Saturday, February 17, 2007

Renewables and Gao Trees

What sorts of things should we notice? What slight changes ought we to pay attention to? Is there anything we can learn from a farmer in Africa who lives in one of the poorest countries in the world?

The official name is Faidherbia albida. In English it's sometime called the Ana tree. In Setswana, a language spoken in Southern Africa, it's called Mokosho. Most folks in Niger just refer to it as a "gao" tree.

It is an especially good tree in a country like Niger located in the Sahel, where rainfall is limited and the desert always threatens to overrun everything. Niger is not a country most people would choose to live. The Gao tree is a perennial, which makes it a good tree to halt the advancing desert. It's also a nitrogen-fixing tree, which helps fertilize the soil. Its pale gray-green leaves fall off during the rainy season and become organic fertilizer. Most important in this part of the world the Gao tree is not competing with crops for water.

Some 20 years ago a few farmers realized that the cutting down of trees before planting their crops, such as sorghum and peanuts, was only reducing the land's fertility and speeding up desertification. Slowly they began planting their crops around the trees as well as planting new trees. The Gao tree is merely one type albeit highly suitable to the region.

Twenty or so years later millions of acres have been reclaimed in Niger. This has also led to overall improvements in conservation and livestock practices, as well as the government finally recognizing that trees on farmer's property ought to be the property of those farmers. At one time and apparently going back to colonial times, trees were the property of the state and farmers therefore had little incentive to take care of them.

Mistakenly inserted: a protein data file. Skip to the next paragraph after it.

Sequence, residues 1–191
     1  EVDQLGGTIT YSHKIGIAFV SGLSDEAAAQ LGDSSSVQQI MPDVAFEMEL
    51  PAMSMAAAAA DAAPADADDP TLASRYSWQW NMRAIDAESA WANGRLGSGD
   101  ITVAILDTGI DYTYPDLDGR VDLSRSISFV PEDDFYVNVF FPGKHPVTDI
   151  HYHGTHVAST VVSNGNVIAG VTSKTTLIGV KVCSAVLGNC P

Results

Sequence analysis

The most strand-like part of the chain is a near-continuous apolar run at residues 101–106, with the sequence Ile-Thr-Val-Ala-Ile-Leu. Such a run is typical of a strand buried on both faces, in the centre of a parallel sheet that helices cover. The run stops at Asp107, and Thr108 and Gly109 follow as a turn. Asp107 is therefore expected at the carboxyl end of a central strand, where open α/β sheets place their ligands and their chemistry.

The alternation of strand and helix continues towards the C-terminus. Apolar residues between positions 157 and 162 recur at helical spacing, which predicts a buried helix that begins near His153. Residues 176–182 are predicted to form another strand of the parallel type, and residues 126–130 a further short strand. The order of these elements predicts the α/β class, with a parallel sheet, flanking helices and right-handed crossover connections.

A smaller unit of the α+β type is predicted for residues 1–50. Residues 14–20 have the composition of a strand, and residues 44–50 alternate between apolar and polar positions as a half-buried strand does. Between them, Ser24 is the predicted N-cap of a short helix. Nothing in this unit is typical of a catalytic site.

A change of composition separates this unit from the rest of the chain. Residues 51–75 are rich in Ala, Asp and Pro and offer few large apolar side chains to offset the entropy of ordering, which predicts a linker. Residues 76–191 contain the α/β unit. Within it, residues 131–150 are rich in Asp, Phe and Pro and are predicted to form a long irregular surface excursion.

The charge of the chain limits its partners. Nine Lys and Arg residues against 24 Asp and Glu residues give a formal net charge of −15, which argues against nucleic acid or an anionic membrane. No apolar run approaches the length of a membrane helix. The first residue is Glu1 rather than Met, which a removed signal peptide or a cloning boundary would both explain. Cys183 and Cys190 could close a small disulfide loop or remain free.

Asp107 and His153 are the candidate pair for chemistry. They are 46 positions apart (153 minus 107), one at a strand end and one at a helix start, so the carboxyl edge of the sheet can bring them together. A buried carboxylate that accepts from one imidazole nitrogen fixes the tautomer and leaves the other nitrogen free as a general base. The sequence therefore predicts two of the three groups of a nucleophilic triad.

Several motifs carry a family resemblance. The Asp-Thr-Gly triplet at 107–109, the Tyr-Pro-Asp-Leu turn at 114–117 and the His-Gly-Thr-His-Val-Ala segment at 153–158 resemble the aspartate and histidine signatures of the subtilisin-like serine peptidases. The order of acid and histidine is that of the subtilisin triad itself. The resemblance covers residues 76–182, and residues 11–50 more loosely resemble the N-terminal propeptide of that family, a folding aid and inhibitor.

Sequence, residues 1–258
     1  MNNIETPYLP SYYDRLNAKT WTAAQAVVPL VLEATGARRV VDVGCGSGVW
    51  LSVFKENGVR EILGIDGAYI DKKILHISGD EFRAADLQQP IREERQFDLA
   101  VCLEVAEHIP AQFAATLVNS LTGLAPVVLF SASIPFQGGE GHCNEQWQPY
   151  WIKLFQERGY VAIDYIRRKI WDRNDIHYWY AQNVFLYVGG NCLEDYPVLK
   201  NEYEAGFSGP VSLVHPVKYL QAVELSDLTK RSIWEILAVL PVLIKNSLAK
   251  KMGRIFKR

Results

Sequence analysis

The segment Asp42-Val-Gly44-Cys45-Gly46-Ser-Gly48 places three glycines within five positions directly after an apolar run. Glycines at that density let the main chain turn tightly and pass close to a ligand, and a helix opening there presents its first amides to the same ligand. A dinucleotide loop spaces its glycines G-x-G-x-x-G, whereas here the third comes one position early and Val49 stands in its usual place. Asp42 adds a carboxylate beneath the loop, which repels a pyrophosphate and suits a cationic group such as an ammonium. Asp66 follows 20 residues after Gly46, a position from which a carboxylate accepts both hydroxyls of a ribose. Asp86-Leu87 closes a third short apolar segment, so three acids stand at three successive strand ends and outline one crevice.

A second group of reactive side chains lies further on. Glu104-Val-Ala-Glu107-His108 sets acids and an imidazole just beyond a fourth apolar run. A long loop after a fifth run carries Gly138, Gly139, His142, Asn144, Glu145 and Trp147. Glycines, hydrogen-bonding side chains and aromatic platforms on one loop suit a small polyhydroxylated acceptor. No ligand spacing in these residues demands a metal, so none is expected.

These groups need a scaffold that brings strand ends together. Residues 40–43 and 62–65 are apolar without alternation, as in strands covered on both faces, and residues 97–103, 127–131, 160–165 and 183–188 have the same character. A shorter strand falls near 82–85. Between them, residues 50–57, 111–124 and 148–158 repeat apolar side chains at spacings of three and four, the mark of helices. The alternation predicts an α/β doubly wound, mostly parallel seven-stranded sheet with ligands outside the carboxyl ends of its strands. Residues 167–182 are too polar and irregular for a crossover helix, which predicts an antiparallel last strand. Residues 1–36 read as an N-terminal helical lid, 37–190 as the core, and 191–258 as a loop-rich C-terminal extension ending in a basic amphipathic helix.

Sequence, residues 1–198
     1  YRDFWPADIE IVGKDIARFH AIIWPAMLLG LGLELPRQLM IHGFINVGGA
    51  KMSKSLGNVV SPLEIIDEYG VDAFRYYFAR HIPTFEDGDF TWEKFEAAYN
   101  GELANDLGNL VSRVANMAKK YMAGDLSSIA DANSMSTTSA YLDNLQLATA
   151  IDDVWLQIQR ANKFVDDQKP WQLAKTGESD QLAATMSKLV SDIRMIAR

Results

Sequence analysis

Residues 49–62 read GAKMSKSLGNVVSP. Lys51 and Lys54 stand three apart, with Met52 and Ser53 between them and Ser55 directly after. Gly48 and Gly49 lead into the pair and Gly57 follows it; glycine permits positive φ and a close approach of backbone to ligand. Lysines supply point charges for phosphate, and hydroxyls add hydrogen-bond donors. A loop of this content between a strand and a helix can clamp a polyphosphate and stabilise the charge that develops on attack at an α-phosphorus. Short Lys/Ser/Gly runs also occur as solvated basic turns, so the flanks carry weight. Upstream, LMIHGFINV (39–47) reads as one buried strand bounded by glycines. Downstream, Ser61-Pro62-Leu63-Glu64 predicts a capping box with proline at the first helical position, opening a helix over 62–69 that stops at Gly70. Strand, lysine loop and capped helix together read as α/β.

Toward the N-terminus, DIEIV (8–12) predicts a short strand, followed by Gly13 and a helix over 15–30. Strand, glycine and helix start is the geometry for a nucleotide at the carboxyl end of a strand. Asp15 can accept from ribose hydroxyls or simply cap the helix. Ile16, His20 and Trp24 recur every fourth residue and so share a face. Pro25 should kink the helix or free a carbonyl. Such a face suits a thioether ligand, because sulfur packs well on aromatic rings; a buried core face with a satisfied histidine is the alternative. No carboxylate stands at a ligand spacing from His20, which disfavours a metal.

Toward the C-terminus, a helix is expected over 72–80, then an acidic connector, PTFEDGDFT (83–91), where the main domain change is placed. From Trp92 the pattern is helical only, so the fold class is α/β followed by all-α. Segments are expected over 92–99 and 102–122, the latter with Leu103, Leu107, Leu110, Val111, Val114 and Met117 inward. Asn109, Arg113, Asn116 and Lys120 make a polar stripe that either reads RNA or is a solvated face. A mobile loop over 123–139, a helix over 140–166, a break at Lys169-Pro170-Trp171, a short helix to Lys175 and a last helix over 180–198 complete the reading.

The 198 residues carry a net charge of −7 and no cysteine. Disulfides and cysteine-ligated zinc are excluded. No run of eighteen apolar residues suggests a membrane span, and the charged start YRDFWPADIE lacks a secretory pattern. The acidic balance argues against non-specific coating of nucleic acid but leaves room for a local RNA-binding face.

Adequate rainfall is always precarious in the Sahel, but Niger is now better prepared to deal with changes in weather than it once was. Perhaps the point of all this is that slight modifications in human behavior can frequently have a significant impact in improving the surrounding environment as well as increasing productivity. This occurred in Niger without massive foreign assistance or government help.

In the developed world the "hot" word is renewable. What combination of solar, wind power, geothermal will help us keep the global average temperature from rising more than one degree Celsius? Can the U.S. reduce CO2 emissions 60 to 80 percent by 2050? Can we do all this without a carbon tax? Will we have to include nuclear energy in the mix? Is it worth the large taxpayer subsidy ... and on and on and on?

But if a tree grows in Niger, planted by one observant farmer, that ultimately assists in restoring biodiversity, do we all need to notice those smaller things as well--and perhaps first? How do we learn to observe better?


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